At every turn in the stairwell — two per floor in the tallest building west of the Mississippi River — posters dedicated to those fighting, suffering or claimed by lymphoma and leukemia …
At every turn in the stairwell — two per floor in the tallest building west of the Mississippi River — posters dedicated to those fighting, suffering or claimed by lymphoma and leukemia were hung to inspire the firefighters racing up the stairs of Seattle’s Columbia Center.
As he headed up the stairs in full gear, Powell Volunteer Fire Department captain Pete DiPilla found himself looking at the faces on the posters and reading the words “In Honor Of” above many of the portraits. On the 36th floor, he saw Buffalo Bill Museum curator Jeremy Johnston. DiPilla had a photo of Johnston taped to his helmet to show support for his current fight; the Powell resident is battling non-Hodgkin’s lymphoma.
Then, somewhere around the 50th floor, DiPilla noticed a poster featuring a little girl which read “In memory of” above her picture. Tears began to flow with about 20 floors left in the race.
“I have three girls of my own, and my youngest is not quite 2, so it hit home for me,” he said.
DiPilla, who admitted he spent most of his workouts hiking in the backcountry, found the exercise more strenuous than he figured in his first attempt at the LLS (Leukemia & Lymphoma Society) Firefighter Stairclimb. Yet he was driven by his teammates and those the department honored with their efforts: Johnston and DiPilla’s family member, Mike Creamer.
Creamer was recently elected as the chief of the Witmer Fire Department in Pennsylvania. The town, about an hour east of Philadelphia, has a population of just under 500. Creamer was also recently diagnosed with acute myeloid leukemia, and his invasive treatments started in late February.
“As brothers-in-arms, we decided to honor him — and Jeremy — in our climb …,” DiPilla wrote in a Facebook post.
Creamer’s wife, Desiree, posted a message on Facebook, explaining that while DiPilla and Creamer live on opposite sides of the country, “distance means nothing when it comes to brotherhood and family.”
A team of seven Powell firefighters took on the stairclimb: climbers DiPilla, assistant chief Jason Fields, Bret Bassett, Brady Melton, Thomas Watts and Scott Shoopman, along with tank manager Geoff Hovivian.
All six of the Powell department’s climbers completed the challenge, climbing 69 floors and 1,356 steps “in honor of those affected by [blood cancer], in hopes to fund further research to help them, and the many others affected by such a tragic diseases,” DiPilla said. The Powell team raised more than $9,000 in donations for the cause.
Shoopman was the first to reach the top of Columbia Center, crossing the finish line in 213th place out of 2,000 participants with a time of 17:41. Bassett was close behind, finishing 301st in 18:35.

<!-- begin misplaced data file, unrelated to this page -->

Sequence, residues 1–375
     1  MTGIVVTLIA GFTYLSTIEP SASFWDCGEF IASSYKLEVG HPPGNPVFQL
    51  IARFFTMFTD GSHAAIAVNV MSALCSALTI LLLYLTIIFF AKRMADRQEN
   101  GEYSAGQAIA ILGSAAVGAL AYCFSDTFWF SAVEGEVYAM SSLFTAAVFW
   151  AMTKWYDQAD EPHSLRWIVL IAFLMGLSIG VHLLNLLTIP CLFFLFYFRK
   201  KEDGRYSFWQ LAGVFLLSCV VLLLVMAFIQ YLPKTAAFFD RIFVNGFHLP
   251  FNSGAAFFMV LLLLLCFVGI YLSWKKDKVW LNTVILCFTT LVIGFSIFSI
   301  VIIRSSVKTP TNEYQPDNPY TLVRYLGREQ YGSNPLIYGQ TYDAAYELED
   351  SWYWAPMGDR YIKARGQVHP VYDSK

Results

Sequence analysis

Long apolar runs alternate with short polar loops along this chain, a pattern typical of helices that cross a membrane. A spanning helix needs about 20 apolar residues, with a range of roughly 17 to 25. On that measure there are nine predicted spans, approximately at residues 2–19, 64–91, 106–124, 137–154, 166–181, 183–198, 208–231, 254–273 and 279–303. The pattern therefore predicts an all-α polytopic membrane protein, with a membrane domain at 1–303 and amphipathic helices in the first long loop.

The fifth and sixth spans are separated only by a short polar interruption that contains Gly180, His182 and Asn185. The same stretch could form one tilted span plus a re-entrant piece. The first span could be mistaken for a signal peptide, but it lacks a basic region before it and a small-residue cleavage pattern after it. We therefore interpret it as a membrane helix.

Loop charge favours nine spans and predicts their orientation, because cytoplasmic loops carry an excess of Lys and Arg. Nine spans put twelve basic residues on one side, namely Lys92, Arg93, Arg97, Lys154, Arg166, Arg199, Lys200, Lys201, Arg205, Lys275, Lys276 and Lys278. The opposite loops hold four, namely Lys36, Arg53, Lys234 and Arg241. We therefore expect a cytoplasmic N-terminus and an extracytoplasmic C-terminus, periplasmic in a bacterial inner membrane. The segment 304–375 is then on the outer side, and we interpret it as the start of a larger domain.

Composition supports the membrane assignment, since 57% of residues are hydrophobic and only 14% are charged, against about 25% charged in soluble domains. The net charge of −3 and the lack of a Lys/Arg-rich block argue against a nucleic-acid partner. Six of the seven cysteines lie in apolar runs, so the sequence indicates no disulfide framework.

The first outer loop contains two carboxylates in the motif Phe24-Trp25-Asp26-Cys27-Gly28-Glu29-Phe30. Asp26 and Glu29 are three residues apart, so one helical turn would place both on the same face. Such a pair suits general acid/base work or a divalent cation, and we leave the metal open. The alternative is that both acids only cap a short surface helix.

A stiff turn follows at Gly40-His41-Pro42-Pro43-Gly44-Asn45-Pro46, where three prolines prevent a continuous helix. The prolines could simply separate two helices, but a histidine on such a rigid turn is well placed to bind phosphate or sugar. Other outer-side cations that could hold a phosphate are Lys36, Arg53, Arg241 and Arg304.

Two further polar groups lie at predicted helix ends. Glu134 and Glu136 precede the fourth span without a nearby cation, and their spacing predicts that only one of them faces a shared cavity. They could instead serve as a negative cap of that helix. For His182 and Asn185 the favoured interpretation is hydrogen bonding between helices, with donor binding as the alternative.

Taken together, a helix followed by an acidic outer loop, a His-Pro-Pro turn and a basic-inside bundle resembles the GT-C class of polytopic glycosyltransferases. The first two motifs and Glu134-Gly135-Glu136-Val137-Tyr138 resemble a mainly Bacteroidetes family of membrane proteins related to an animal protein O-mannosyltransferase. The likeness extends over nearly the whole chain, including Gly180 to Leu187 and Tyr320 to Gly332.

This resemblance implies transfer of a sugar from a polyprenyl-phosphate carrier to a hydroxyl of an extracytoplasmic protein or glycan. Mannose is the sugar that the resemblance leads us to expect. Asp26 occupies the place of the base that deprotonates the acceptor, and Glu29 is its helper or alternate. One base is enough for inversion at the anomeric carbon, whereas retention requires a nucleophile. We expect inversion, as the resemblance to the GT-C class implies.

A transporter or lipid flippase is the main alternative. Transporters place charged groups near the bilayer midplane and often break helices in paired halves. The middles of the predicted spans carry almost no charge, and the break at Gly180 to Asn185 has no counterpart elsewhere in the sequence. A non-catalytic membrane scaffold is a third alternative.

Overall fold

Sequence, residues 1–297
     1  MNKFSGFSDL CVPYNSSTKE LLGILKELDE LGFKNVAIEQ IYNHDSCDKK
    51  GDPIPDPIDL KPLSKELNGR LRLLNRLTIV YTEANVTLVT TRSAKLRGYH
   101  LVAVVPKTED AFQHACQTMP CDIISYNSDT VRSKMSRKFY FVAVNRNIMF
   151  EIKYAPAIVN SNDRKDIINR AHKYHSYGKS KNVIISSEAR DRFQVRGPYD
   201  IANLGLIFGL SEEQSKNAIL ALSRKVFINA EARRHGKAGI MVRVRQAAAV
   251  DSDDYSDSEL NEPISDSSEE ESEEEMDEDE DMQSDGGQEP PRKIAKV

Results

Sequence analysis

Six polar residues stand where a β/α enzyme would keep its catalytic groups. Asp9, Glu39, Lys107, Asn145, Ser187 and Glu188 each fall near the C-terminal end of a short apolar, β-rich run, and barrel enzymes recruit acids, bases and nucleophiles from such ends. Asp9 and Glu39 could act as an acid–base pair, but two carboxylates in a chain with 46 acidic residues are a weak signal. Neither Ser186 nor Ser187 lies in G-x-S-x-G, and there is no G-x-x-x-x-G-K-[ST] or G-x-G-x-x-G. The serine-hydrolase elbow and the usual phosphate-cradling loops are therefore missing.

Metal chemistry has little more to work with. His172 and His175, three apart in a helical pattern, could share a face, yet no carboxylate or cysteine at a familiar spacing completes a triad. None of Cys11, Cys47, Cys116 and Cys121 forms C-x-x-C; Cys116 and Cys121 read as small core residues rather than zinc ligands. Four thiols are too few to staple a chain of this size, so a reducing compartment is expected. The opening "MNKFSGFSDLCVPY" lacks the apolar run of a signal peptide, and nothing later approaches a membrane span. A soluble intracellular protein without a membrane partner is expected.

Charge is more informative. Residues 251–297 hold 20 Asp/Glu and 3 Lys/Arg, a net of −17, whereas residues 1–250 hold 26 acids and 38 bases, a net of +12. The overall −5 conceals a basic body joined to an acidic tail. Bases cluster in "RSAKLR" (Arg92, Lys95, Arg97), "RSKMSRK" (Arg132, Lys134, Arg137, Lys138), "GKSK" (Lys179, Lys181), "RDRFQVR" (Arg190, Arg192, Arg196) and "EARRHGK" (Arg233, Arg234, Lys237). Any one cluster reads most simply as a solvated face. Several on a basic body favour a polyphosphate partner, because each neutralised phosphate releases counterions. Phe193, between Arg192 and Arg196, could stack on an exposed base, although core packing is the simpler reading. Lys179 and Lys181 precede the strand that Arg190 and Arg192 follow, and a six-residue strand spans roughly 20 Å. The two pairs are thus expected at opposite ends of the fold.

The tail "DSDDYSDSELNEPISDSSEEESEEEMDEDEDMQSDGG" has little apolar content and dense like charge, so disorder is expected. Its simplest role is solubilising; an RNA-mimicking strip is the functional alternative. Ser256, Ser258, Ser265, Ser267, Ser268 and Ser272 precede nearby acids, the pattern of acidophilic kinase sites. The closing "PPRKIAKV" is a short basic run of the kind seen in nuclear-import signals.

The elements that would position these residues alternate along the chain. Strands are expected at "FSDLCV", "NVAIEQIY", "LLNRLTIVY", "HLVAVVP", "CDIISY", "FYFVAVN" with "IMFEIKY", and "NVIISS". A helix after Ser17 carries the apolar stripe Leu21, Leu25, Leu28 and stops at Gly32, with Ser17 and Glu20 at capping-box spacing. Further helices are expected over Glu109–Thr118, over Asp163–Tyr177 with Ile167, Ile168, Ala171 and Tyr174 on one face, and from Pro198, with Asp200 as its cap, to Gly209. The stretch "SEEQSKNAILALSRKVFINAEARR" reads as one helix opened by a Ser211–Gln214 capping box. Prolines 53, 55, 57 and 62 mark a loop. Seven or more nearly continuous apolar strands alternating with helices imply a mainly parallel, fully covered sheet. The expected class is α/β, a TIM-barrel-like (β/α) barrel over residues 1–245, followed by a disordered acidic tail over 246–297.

Hovivian was stationed on floor 32, prepared to replace oxygen tanks. Very few can complete the world’s largest on-air stair climb on one tank, but if a firefighter runs out of air during the attempt, they are disqualified.
After competing in the event last year, Shoopman decided to tackle this year’s climb on only one tank; the best finishing times come from participants who make it in one bottle, and Shoopman loves to compete.
“I worked really hard this year,” Shoopman said in a Thursday interview. “I had no reference before last year of what it really was. This year I had an advantage, I feel like, because I had some experience. I knew what to expect.”
His training was more intense this year; in the three months before the trip to Seattle, Shoopman spent much of his time in an air pack on the stair climbers at Club Dauntless. A noted runner, he said he was also putting in more road miles.
“If I wasn’t climbing stairs, I was running,” he said.
The cause — fighting cancer — and his fellow firefighters made it easier to stay motivated, Shoopman said.
“Jeremy has been an inspiration for all of us,” he said. “I feel honored and inspired to be a part of helping him and others survive and, you know, get more out of their lives.”
Shoopman said his teammates helped push him to climb harder. He credited his fellow volunteers with being able to finish with just one bottle.
“That motivation and inspiration comes from the camaraderie that I feel with that group of guys,” he said. “They’ve been an inspiration to me because they believe in me.”
Bassett never took time off from his training after the 2022 race. “I just continued to do the same [workouts] and not let myself fall back to where when it was time to train again.”
He improved on last year’s finishing time by 90 seconds, impressing himself by finishing only 40 seconds behind Shoopman.
“He’s kind of an animal,” Bassett said of Shoopman.
Bassett has organized the event for the Powell volunteers for the past two years.
About 2,000 firefighters from 50 states and three countries outside the U.S. participate in the charity event in Seattle.
Through the years the event has raised more than $24 million for the society to help find a cure for lymphoma and leukemia. With a goal of raising $3 million this year, the nonprofit organization had only raised 70% of that goal by the time the race was finished.
Donations are still being accepted through the end of May at www.LLSWA.org.